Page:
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Pediatric emergency care

Postdischarge adverse events related to sedation for diagnostic imaging in children.


PMID 22858755

Abstract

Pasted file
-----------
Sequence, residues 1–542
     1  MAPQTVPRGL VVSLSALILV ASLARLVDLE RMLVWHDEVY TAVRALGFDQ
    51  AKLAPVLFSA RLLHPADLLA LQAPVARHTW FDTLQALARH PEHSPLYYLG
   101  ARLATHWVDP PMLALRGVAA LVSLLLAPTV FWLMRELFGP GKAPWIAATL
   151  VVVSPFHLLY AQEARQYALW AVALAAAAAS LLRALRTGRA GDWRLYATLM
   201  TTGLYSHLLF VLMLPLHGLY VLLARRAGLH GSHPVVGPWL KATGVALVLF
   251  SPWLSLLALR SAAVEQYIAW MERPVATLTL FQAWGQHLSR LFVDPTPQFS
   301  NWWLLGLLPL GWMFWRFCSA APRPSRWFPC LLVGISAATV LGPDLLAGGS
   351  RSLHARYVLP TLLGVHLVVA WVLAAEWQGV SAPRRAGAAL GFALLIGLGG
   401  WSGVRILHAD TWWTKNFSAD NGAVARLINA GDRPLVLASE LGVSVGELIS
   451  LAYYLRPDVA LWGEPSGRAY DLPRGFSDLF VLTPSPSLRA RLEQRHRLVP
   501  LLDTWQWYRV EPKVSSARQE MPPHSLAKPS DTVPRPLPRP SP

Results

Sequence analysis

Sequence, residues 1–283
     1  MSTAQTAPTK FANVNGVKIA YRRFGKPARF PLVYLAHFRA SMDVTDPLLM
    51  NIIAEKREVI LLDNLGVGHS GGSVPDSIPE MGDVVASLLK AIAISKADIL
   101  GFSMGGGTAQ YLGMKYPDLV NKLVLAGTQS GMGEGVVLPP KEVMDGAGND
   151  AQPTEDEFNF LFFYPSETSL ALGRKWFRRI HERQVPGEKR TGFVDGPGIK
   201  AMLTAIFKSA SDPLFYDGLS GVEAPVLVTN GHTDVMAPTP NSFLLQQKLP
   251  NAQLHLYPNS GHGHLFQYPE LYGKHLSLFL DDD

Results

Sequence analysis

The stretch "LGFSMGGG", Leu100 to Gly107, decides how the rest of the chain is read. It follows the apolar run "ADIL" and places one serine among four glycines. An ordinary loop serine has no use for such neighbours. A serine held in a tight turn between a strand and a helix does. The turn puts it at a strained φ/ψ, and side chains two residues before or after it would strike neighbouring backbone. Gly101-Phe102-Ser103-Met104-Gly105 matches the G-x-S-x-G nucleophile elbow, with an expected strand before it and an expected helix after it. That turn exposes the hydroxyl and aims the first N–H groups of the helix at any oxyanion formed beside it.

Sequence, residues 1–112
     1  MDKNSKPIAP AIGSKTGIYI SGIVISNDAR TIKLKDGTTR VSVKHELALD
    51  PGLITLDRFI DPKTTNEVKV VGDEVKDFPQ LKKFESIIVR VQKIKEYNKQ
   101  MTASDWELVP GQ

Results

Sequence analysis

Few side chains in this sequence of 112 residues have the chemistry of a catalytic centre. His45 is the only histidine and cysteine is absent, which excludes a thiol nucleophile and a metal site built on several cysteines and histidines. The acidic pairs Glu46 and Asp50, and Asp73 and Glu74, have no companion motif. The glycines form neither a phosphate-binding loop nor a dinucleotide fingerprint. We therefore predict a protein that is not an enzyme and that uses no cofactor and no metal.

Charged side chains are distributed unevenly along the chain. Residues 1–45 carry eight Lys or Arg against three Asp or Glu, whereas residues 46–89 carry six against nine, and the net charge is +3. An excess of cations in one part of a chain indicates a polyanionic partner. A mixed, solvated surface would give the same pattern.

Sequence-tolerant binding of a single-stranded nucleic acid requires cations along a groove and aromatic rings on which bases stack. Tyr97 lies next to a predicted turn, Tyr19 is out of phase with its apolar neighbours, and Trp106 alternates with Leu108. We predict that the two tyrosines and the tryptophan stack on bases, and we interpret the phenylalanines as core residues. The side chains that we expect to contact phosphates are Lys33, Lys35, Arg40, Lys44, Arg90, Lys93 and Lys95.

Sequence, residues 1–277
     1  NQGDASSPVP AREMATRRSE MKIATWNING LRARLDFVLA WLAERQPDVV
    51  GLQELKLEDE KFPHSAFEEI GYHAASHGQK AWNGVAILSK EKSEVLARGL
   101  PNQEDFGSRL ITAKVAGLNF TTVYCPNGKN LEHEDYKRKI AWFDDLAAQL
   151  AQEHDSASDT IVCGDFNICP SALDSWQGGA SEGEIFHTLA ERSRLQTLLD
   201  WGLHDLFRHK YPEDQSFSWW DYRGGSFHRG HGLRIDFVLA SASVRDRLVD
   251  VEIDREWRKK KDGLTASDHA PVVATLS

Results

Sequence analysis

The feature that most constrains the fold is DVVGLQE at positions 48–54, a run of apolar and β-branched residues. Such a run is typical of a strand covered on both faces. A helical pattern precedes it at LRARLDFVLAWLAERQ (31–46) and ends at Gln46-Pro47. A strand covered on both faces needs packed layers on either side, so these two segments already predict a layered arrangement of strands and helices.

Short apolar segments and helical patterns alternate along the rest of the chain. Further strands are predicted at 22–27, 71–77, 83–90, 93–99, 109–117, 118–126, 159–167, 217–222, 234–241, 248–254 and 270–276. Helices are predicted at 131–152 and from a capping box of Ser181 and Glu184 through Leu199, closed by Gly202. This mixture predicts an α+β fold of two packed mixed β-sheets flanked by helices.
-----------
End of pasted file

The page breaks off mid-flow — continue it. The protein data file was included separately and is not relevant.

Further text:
The objectives of this study were to describe the type and frequency of postdischarge adverse events related to sedation for elective diagnostic imaging in children and to determine if any patient or drug characteristics were associated with such adverse events. We conducted a prospective observational study of children younger than 18 years who underwent sedation for elective magnetic resonance imaging at a tertiary care hospital. We administered a postdischarge adverse event questionnaire to families within 3 to 5 days after sedation to assess adverse events such as behavioral changes, vomiting, recovery time to baseline status, and need for medical follow-up. We enrolled 322 patients, of which 253 (78.5%) completed phone follow-up. The majority of study patients were male (58.1%) and belonged to American Society of Anesthesiologists category 2 (52.2%). A combination of pentobarbital and midazolam (53.4%) was the most commonly used sedation medication; 64.4% patients experienced postdischarge adverse events. The most common postdischarge adverse event reported were incoordination of movements (53.8%), dizziness (31.2%), and agitation (19.8%); 48.6% of patients required more than 9 hours to return to baseline behavior. No patient required evaluation at a medical facility for these postdischarge adverse events. Logistic regression analysis showed that use of pentobarbital and adverse event during sedation were significantly associated with postdischarge adverse events. Postdischarge adverse events related to sedation for diagnostic imaging are minor, mostly behavioral, but occur in a significant number of patients. Parents should be provided with detailed discharge instructions to anticipate such adverse events at home.